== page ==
So here we are, right at the very beginning. A very good place to start, or so ‘The Sound of Music’ led me to believe.
Let me fill you in on the details, I got my dad’s house after he passed away last year. It’s a perfectly compact three bedroom semi detached in the north of England and to be honest, I really didn’t know what to do with it.
At the time I was living in London and I could have just sold the house, but my dad had owned that house since I was 5 years old and I felt like I couldn’t just sell it. Even though, my dad planned to eventually up sticks and move back to Italy – and I’m pretty sure he wouldn’t have minded if I had sold the house – I was too attached. My next option was renting it out – but I didn’t really feel like doing that either.
Grief, I’ve learnt, is very unusual in how it manifests itself within you. My best plan at the time, so as not to lose anything that belonged to my precious dad, was just to do absolutely nothing and carry on as normal as possible.
Fast forward a year (honestly I cannot believe it has been a whole year) and I’ve moved myself and my other half – and his dog into the house. Completely uprooting the three of us was not an easy decision to make but here we are.
So as you can imagine – theres a lot to do in a house that has not been touched in a year. My mind has been in overdrive coming up with colour schemes and storage solutions and remodels. My head is a spider diagram of creativity – which I think is clear from that astoundingly corny metaphor. Anyway, the long and short of it is I’ve been itching to get decorating for about a month now but have I been allowed to?
No I have not.
We’ve had to clear it out first. When I say I hate cleaning and tidying – I mean it with every inch of my being. I hate packing things into boxes, I hate Dettol, I hate heavy lifting. It makes me understand why small children throw almighty tantrums and thrash around on the floor, wailing.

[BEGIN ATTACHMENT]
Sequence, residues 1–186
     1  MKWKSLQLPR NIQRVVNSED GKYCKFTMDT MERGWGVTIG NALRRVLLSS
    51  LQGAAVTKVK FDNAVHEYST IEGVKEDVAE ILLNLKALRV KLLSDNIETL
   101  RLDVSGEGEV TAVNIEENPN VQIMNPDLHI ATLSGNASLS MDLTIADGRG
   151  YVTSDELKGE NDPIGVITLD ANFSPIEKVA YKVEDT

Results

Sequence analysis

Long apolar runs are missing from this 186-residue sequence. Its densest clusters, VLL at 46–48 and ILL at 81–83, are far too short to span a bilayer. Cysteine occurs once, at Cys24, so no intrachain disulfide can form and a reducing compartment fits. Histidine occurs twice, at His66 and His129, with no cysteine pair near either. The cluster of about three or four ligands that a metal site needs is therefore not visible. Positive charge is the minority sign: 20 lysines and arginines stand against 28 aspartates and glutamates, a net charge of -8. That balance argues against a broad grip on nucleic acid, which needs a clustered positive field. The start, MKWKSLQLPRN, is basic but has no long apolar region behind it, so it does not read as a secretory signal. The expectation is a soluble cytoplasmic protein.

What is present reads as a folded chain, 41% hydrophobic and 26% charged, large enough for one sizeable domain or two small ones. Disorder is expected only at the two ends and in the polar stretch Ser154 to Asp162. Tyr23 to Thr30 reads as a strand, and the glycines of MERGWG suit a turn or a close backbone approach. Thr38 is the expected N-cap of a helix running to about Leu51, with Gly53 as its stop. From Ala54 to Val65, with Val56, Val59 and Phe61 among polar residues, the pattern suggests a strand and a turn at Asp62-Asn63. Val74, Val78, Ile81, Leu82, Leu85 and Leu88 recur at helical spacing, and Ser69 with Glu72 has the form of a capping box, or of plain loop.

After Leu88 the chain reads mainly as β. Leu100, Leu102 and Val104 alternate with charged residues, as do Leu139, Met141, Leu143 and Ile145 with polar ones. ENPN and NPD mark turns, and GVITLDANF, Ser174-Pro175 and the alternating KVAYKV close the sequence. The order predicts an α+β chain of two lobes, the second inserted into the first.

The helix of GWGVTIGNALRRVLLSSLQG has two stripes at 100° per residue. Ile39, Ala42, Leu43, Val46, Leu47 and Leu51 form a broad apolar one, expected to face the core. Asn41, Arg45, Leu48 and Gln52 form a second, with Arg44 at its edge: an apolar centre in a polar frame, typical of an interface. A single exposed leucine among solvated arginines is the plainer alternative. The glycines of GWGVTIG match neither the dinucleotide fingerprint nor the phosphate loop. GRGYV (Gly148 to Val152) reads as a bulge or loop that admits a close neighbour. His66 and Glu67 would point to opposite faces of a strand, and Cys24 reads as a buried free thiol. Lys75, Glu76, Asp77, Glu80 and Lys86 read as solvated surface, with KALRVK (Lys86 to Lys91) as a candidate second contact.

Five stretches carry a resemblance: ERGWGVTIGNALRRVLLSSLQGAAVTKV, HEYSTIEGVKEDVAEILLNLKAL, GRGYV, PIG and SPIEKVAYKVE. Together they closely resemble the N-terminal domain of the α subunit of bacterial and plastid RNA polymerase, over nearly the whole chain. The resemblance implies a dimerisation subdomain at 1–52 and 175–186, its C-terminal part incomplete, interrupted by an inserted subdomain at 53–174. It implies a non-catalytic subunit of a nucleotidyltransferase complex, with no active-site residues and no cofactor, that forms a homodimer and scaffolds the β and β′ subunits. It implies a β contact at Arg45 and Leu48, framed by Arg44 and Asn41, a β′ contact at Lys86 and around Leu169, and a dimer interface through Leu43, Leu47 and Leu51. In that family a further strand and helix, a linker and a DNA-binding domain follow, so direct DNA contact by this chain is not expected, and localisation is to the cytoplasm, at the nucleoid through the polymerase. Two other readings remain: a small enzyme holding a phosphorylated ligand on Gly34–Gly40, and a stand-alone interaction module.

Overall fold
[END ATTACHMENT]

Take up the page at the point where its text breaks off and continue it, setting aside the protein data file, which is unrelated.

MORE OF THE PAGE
Fortunately, I have excellent friends that helped and a skip, which is now full.
I thought it would be awful going through my Dad’s things (I’ve kept nearly all his clothes and endless pairs of shoes and other such Dad related items) but actually it was great.
I had so many memories of him and it gave me an opportunity to talk about him for three whole days. We laughed at the 3 million bottle openers he had managed to collect and equal number of wine glasses (This isn’t as much of an exaggeration as you might think). We found old photos and so many things that had a story to tell, including a sizeable collection of Chef’s whites which we’ve put in a box called ‘Dad’s dressing up things’.
The last and hardest room to clear was the kitchen. Partly because the Dettol was out in full force but also because this was where dad and I spent so much time together. Where I learned to cook with him, possibly where the most memories were made. For the first time in the three days I cried. It’s quite unbearable to miss someone so much and to not have any way of contacting them, and even though I was in his house clearing his things out because he’s not around – every so often I’d have to stop and imagine him there, taking it all in so as not to forget any part of him.
Dad always had fancy plates and glasses and kitchen gadgets and I would always ask if I could have them because I liked them. Dad’s response would be “No.” and then he would follow it up with “When I die, you can have everything, I’ve got loads of glasses in the loft”. Literally, every single time.
I would always argue that I didn’t want to wait for that to have a nice pasta bowl, since I assumed it would be many many years ahead of me and I didn’t want the bowl anyway, if that’s what it would take to get it. However, now I’m dealing with that very thing, I can at least say my dad kept his word. If you are a parent reading this – please note, your child does not need to inherit loads of wine glasses left in a loft. It’s ok to throw things out once in a while, you do not need to hoard them just in case there is a worldwide glass shortage.
So with the help of my wonderful pals, the house is finally clear and boxed up – let the renovations begin…